China Restaurant Syndrome, Hot Dog Headache
Whether glutamate intolerance carries its name rightly is very controversial among medical professionals. Anyway, most doctors and food experts consider the studies on the so-called China-Restaurant Syndrome or the hot-dog headache as not very meaningful. The name China Restaurant Syndrome originated in the late 1960s in the United States. There, a doctor had noticed that he repeatedly suffered from sensations of eating, headaches and muscle tension after eating in China restaurants. The theory was quickly born that the glutamates frequently used as flavor enhancers in Asian cuisine were the cause.
In fact, there are some indications that glutamate should not be the cause of China Restaurant Syndrome. Read more under Causes.
It is characteristic of glutamate intolerance that the following symptoms occur within a few minutes after eating a meal:
- dry mouth
- a headache
- body aches
- hot flashes
- Facial muscle rigidity
These symptoms do not all have to occur together and vary depending on the individual. Most of the complaints pass within a short time, sometimes even after hours.
The cause of China-Restaurant-Syndrome is quite controversial in medicine. There are a number of case reports describing the symptoms of glutamate-spiced meals. But critics argue that none of the case reports show a causal relationship between the symptoms and the glutamate content of the food. Equally well, the symptoms could emanate from other components of the meal.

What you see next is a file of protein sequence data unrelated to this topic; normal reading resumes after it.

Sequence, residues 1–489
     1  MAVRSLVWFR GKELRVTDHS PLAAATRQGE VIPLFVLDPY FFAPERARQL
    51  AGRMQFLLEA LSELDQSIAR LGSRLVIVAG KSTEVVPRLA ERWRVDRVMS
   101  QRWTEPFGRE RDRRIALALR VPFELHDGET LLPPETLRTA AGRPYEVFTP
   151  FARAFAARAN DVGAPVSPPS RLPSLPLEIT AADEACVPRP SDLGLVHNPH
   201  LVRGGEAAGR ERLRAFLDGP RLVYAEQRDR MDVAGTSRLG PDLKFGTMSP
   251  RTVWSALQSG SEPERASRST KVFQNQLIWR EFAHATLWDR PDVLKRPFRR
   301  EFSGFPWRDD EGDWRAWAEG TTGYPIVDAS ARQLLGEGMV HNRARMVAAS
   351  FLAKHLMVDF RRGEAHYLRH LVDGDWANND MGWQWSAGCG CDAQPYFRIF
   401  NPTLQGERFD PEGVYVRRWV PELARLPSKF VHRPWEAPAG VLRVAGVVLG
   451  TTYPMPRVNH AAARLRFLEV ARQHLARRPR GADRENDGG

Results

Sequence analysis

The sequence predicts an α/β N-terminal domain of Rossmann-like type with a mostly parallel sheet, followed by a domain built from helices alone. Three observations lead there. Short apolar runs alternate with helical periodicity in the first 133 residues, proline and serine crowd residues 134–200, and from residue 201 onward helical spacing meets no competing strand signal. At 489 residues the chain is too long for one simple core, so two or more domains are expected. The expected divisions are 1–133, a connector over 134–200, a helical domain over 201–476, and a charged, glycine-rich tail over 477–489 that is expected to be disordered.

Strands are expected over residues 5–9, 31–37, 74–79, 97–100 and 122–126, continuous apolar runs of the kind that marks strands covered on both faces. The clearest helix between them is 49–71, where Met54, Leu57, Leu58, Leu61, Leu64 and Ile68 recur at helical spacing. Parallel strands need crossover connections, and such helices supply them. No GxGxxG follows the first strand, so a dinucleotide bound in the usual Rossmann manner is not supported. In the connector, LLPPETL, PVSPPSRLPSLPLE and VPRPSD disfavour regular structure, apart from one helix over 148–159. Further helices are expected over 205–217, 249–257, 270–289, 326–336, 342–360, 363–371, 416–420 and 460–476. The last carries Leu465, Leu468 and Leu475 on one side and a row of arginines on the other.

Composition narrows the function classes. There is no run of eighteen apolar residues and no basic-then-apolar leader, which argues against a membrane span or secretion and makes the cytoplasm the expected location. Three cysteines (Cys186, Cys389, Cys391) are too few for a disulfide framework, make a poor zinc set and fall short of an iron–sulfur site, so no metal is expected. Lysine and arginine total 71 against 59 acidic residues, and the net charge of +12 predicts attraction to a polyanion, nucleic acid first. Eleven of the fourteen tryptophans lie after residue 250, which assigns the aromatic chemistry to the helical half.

Another argument against the thesis of glutamate intolerance is that our bodies produce glutamate day after day. Glutamates are salts of glutamic acid. This acid in turn is naturally present in all animal foods. With the food we take daily about 10 grams of natural glutamic acid or natural glutamate. So why should the body react only after meals in China restaurants with glutamate intolerance.
For the thesis of glutamate intolerance supporters state that the symptoms are accompanied by arousal of the autonomic nervous system. In fact, glutamate in the body fulfills the role of an activating messenger (neurotransmitter) in the nervous system.
The health authorities of Europe and the US have classified synthetic glutamates as harmless food additives. There is no daily maximum dose set. In Germany, the most-sold flavor enhancer monosodium glutamate is only banned in baby food. Preserved meat and fish and ready meals may contain 1 percent sodium glutamate, and ready-made soups may contain twice as much. The highest is the proportion of sodium glutamate in seasonings. They may contain up to 50 percent of the flavor enhancer.
The diagnosis of glutamate intolerance is based solely on the observations of the person concerned. There is no test or other verification methods given the unexplained cause.
A therapy of glutamate intolerance is not known. Since the symptoms usually go on within a few hours, treatment does not seem necessary.
If there is a glutamate intolerance, it is probably hereditary and you would not be sure to prevent it. However, the complaints can be avoided by abstaining from glutamate-spiced foods. Glutamates as flavor enhancers are not only found in Asian cuisine (and especially in soy sauces), but also in many industrially produced foods and fast food products.
Glutamates in foods can be recognized by the names E 620 to E 625. Preparations which contain none of the E-glutamates may advertise with the term "without flavor enhancers". This is misleading. The dry yeast extracts commonly used in these products also have a flavor enhancing effect - possibly due to the high concentration of natural glutamate.